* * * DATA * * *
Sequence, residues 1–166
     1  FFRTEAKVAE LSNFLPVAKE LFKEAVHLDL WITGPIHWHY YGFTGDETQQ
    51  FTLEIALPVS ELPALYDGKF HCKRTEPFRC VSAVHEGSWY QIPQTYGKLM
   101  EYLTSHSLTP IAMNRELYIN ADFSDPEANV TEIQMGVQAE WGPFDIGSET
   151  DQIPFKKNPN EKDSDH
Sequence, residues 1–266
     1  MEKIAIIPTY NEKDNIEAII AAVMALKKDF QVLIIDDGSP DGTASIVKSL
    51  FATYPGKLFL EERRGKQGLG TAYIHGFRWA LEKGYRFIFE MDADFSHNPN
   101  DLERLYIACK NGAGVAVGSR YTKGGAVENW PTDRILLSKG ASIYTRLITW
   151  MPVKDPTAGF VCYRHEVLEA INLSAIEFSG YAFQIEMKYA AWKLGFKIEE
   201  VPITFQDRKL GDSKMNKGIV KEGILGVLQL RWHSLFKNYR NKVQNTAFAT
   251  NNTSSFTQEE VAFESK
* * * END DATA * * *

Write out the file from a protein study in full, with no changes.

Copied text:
Sequence, residues 1–166
     1  FFRTEAKVAE LSNFLPVAKE LFKEAVHLDL WITGPIHWHY YGFTGDETQQ
    51  FTLEIALPVS ELPALYDGKF HCKRTEPFRC VSAVHEGSWY QIPQTYGKLM
   101  EYLTSHSLTP IAMNRELYIN ADFSDPEANV TEIQMGVQAE WGPFDIGSET
   151  DQIPFKKNPN EKDSDH
Sequence, residues 1–266
     1  MEKIAIIPTY NEKDNIEAII AAVMALKKDF QVLIIDDGSP DGTASIVKSL
    51  FATYPGKLFL EERRGKQGLG TAYIHGFRWA LEKGYRFIFE MDADFSHNPN
   101  DLERLYIACK NGAGVAVGSR YTKGGAVENW PTDRILLSKG ASIYTRLITW
   151  MPVKDPTAGF VCYRHEVLEA INLSAIEFSG YAFQIEMKYA AWKLGFKIEE
   201  VPITFQDRKL GDSKMNKGIV KEGILGVLQL RWHSLFKNYR NKVQNTAFAT
   251  NNTSSFTQEE VAFESK